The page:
Wilson County Schools has implemented a safety system in schools that included cameras in the schools “for over 20 years,” according to WCS Deputy Director of Schools Mickey Hall.
The school system already has a procedure for a buzz-in style of system to enter a school and another for scanning a person’s ID to see if they can enter the school, based on state records.
According to Hall, “we have lock down drills with our staff per state law.” He wouldn’t expound on that statement or give detailed information about school safety measures within each school.
Hall did, in an earlier email, note that there are cameras in classrooms at Springdale Elementary and Gladeville Middle, and will be installed in the classrooms at new Green Hill High School.
Springdale opened in August 2017 and Gladeville opened this summer. Green Hill High School is expected to open in August 2020.
State law says that school systems “are allowed to use security devices such as cameras and locks on the outside doors or security procedures that have been adopted by the school board.”
When details about WCS safety measures were requested, Hall stated that, “we do not discussed details our crisis management plan which includes our school cameras.”
He added that the school administrators have access to the cameras for their school.
On the Wilson County Schools website, the school system describes its safety and emergency management overview. The page gives information on the WCS Director of Safety Director Stephen Spencer. It also lays out the school system’s measures for security in the schools.
WCS’ committee meets on a regular basis throughout the school year to write, modify, or update the (WCS) ‘emergency operations plan,’ the site said.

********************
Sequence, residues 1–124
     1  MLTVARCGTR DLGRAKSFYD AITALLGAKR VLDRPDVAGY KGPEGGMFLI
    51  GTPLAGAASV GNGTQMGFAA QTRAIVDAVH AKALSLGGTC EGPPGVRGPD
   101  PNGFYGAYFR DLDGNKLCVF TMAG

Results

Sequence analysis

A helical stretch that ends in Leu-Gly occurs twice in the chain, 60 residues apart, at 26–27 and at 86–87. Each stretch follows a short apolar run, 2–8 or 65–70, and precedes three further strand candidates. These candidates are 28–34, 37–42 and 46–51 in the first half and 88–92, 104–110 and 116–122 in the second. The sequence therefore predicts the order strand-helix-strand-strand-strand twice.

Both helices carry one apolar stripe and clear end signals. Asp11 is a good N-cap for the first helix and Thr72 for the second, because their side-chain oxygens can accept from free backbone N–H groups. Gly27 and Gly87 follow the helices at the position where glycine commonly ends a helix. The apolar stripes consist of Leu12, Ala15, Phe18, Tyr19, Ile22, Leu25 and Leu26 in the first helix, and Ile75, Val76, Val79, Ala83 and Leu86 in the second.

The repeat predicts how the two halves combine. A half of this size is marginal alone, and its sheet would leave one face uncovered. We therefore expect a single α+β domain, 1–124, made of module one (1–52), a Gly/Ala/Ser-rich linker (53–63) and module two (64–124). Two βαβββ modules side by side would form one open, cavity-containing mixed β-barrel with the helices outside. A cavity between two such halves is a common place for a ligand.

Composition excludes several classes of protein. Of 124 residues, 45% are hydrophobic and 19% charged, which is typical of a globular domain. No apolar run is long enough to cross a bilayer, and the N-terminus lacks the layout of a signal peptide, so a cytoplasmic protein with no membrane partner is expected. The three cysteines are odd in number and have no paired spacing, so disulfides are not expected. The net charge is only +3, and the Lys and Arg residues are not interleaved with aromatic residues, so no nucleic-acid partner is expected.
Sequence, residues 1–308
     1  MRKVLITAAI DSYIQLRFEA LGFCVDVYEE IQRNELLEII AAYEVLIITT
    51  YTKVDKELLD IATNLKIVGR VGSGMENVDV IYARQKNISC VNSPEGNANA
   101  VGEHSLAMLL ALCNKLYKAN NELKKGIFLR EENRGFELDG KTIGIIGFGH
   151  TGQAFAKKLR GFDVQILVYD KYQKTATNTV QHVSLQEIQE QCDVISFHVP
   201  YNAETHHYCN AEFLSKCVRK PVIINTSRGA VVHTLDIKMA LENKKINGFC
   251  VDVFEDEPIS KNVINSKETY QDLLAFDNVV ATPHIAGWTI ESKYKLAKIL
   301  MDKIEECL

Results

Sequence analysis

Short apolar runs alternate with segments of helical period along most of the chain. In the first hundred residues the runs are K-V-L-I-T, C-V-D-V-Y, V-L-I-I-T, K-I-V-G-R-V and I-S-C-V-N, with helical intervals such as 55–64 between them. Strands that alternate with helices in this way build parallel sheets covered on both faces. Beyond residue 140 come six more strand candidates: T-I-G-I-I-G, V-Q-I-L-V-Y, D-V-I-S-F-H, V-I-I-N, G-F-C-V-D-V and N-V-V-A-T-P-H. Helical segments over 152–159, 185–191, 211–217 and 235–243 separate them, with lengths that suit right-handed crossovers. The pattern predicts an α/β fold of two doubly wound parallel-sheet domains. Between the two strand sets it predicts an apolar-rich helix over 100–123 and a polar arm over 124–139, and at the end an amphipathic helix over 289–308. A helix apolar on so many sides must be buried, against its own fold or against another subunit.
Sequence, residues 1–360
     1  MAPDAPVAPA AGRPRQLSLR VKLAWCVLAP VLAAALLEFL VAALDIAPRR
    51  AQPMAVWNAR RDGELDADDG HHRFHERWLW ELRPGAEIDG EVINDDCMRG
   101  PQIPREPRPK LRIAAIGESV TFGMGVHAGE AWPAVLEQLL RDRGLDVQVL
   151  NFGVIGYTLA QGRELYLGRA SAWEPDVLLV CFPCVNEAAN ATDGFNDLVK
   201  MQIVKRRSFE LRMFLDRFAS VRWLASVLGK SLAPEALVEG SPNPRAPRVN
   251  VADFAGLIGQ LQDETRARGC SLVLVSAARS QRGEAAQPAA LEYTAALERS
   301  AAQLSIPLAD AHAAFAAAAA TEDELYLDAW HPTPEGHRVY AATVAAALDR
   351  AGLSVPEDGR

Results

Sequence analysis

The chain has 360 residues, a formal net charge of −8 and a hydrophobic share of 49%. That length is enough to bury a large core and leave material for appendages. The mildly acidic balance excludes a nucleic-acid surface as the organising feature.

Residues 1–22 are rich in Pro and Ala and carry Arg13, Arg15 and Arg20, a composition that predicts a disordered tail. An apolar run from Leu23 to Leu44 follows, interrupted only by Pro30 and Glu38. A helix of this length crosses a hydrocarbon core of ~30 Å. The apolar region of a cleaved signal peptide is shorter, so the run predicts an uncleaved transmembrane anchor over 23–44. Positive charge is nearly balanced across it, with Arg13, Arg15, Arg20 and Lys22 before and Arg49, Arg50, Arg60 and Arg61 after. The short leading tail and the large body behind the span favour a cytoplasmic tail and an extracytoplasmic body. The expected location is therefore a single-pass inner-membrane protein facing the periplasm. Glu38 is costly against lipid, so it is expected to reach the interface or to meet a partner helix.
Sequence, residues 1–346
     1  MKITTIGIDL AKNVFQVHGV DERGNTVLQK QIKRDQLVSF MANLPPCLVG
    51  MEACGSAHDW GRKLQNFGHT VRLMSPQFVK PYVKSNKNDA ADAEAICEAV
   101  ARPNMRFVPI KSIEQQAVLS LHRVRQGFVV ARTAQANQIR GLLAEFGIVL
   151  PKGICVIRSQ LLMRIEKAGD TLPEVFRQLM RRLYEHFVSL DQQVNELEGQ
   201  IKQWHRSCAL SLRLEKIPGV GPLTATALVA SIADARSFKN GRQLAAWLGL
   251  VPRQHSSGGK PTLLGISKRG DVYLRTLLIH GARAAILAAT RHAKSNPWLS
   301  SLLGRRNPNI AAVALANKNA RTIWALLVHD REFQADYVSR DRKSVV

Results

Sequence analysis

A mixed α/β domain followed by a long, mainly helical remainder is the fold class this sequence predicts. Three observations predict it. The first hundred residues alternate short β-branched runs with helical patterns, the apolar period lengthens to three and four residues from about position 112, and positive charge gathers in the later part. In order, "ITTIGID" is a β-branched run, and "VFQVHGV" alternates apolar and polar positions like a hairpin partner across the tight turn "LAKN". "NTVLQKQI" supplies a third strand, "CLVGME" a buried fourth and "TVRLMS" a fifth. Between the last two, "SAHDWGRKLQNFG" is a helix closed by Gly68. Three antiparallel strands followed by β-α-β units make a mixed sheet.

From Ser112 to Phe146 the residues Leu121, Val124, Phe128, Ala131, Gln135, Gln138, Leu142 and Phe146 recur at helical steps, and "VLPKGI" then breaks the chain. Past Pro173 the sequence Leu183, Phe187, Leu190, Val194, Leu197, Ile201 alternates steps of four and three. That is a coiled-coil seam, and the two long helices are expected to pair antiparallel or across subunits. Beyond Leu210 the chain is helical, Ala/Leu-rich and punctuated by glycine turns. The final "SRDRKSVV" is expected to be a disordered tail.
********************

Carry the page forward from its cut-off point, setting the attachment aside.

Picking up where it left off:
Each school has trained individuals making up a “crisis management team.” The site said that the district’s “crisis management team” is ready at all times to activate, respond, and support the local crisis team and emergency responders.”
In 2015, WCS and the Wilson County Sheriff’s Office joined together to put SROs, who are WCSO deputies, in each school. It was later amended to put two SROs in the high schools, according to Scott Moore, spokesman for the Wilson County Sheriff’s Office.
Each SRO costs the county $46,987.20, with that cost being paid by the Wilson County Sheriff’s Office.
When new security measures were put in place a few years ago, WCS Director, Dr. Donna Wright said, “School Resource Officers already play a vital role in all of our schools, and these new measures will only enhance that. The reality is, there are limits on what our school administrators are capable of investigating. That’s why it’s so important that law enforcement be directly involved, whenever there’s even a suspicion that a student could pose a serious threat.”
Sheriff Robert Bryan said that the centralized database will not only provide for more thorough record keeping of each case, but it’ll also prevent incidents of suspected violence from slipping through the cracks.
“In the past, some parents have been filing complaints at the school level, while others have been contacting law enforcement directly,” the website said that Bryan stated. “Both are fine, but with the number of complaints that we’re seeing, it’s really important to have solid, timely record keeping, particularly in those cases where we believe something has occurred, but don’t have sufficient evidence to file criminal charges.”
The Sheriff’s Office also launched a “school safety committee” comprised of teachers, parents, youth services staff, and members from the District Attorney’s office. The group meets quarterly to address specific concerns from the community and identify new safety initiatives.